The daily business briefing: March 25, 2020

Dow has its best day since 1933, Senators and the White House agree on a $2 trillion coronavirus rescue, and more

Charging bull on Wall Street.
(Image credit: ANGELA WEISS/AFP via Getty Images)

1. Dow posts biggest gain since 1933

The Dow Jones Industrial Average rocketed up by more than 11 percent on Tuesday, its biggest one-day gain since 1933. The gains came as investors cheered the brewing Senate deal on a massive coronavirus rescue package for American families and businesses. The S&P 500 closed up by 9.4 percent, its best day since October 2008. The Nasdaq Composite gained 8.1 percent. The surge came after the three main U.S. indexes hit their lowest levels since President Trump took office as businesses curtailed operations to fight the new coronavirus. U.S. stock index futures rose another 2 percent early Wednesday. Christopher Murphy, co-head of derivatives at Susquehanna Financial Group, warned that such rallies aren't necessarily a sign of health, because "one day pops are not uncommon in a down market."

CNBC Reuters

2. Senators, White House reach $2 trillion coronavirus rescue deal

Senators and the White House reached an agreement early Wednesday on a $2 trillion package to rush government aid to families and businesses to help them get through the coronavirus crisis. "We have a deal," said Eric Ueland, the White House legislative affairs director. The deal includes direct payments to individuals and new jobless benefits, as well as money for states and businesses facing huge costs and plummeting income due to restrictions on public activity imposed to slow the spread of the pandemic. The legislation was delayed as Democrats pressed Republicans for stronger worker protections and greater oversight of a $500 billion bailout fund for businesses. Congress is expected to pass the legislation within days.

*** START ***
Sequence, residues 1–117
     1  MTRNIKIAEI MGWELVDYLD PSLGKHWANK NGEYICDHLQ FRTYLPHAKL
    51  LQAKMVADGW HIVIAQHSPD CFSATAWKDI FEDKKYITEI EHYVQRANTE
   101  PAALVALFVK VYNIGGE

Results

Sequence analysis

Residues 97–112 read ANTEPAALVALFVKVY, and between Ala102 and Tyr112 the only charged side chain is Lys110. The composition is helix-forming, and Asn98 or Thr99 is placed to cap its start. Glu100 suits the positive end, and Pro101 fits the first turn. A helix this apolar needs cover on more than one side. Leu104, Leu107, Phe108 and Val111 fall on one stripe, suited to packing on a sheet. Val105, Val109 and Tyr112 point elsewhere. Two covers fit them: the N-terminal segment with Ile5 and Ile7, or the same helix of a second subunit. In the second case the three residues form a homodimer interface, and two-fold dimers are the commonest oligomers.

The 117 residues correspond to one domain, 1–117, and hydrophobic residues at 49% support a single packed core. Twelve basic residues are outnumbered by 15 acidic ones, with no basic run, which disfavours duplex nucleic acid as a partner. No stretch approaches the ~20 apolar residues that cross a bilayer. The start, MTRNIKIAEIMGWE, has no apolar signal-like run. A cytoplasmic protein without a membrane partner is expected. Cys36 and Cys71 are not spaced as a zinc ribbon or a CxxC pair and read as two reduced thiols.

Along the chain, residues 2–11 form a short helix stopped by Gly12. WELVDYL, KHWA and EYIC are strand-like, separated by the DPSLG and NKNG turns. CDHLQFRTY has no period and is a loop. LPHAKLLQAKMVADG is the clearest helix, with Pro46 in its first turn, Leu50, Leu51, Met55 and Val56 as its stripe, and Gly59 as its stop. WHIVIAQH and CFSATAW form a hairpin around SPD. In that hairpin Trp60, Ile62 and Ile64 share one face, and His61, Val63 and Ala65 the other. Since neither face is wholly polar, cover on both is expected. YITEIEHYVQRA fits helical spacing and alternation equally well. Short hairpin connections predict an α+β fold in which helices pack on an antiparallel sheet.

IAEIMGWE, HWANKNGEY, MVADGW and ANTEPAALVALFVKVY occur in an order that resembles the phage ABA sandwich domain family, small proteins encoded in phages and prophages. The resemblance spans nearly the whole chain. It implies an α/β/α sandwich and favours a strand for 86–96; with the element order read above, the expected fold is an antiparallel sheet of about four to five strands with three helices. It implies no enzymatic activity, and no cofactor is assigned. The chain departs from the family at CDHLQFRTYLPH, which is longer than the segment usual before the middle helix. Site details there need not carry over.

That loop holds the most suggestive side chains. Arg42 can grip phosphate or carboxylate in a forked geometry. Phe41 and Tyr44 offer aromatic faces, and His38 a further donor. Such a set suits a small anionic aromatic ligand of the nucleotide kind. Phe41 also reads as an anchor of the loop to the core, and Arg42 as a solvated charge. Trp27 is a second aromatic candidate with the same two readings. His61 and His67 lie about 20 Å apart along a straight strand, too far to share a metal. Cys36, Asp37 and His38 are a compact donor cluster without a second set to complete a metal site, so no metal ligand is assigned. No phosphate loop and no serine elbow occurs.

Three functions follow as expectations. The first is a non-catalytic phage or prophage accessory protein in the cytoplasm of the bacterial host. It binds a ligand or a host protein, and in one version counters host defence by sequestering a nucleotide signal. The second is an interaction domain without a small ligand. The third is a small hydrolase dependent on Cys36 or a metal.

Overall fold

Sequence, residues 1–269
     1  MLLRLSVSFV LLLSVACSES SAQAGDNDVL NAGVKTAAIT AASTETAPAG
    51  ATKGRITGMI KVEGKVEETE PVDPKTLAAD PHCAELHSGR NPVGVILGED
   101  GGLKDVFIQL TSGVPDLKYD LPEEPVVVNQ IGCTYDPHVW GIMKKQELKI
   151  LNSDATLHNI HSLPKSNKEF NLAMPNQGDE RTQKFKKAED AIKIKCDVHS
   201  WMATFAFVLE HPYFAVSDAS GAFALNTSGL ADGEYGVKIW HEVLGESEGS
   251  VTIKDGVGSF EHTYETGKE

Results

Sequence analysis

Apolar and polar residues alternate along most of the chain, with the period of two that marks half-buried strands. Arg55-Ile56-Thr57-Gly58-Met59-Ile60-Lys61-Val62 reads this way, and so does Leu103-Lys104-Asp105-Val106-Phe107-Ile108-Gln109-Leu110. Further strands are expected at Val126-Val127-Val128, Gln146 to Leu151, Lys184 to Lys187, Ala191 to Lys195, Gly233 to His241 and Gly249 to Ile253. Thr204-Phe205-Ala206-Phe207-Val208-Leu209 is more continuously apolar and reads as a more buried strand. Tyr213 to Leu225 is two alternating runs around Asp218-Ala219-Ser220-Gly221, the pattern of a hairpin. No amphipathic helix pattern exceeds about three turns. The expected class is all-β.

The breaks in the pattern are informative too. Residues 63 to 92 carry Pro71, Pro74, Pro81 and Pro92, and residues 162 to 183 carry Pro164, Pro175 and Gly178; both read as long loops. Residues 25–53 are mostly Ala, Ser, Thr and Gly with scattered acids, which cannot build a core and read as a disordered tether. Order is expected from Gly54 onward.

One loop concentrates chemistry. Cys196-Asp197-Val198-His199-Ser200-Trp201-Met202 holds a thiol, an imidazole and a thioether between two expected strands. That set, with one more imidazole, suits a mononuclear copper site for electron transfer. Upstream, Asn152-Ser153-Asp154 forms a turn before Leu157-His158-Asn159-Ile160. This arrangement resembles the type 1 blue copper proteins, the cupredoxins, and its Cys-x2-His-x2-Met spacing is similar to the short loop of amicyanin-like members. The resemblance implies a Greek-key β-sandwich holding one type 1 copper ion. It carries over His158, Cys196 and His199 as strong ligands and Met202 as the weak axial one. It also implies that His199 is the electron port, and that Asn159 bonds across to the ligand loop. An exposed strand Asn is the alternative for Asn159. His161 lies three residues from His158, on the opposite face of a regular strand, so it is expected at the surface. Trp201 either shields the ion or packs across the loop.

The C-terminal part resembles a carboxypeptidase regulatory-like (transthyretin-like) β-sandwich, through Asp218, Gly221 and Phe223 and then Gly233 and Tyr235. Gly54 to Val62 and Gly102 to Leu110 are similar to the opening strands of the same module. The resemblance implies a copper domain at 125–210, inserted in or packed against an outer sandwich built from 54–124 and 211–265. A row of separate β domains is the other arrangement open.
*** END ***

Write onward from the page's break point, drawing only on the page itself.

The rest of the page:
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The New York Times

3. Trump aims to reopen U.S. economy by Easter

President Trump said Tuesday that he hopes to revise national social-distancing guidelines by Easter, April 12, so U.S. businesses can resume operations. The U.S. is a week into a two-week effort to dramatically cut back on public movement and events to slow the spread of the COVID-19 coronavirus. "We'll give it some more time if we need a little more time, but we need to open this country up," Trump said. "We have to go back to work, much sooner than people thought." Many public health officials said the country should tightening restrictions rather than phasing them out. The number of confirmed infections in the U.S. reached more than 54,000 on Tuesday, with about 800 deaths.

The Associated Press

4. Nike stock gains after beating expectations despite coronavirus impact

Nike shares gained 5 percent in after-hours trading on Tuesday after the sports apparel retailer reported quarterly results that beat Wall Street's expectations, despite a coronavirus hit. The stock already had gained 15 percent in regular trading. Nike said digital sales rose by 36 percent in the last quarter. Strong growth in many markets, including the U.S., offset trouble in China due to the coronavirus outbreak. Nike said it earned 53 cents a share in the quarter, compared to 68 cents a share in the same period a year ago. Analysts polled by FactSet had forecast earnings of 51 cents per share. Revenue increased by 5 percent to $10.1 billion, boosted by 13 percent growth in Nike Direct. Analysts had expected sales of $9.8 billion.


5. Report: Boeing plans to restart 737 MAX production in May

Boeing is aiming to resume production of its once popular 737 MAX jets in May, Reuters reported Tuesday, citing people familiar with the matter. The plan still depends on how quickly restrictions disrupting the airline industry are eased, as well as clearance from regulators for the 737 MAX to return to service. The planes were grounded worldwide last year after two deadly crashes overseas that occurred within five months of each other. Boeing reportedly already has started asking some suppliers to get ready to ship parts for the aircraft in April. "It'll be a very slow, methodical, systematic approach to warming the line up, and getting crews back in place," Boeing Chief Financial Officer Greg Smith told Reuters.


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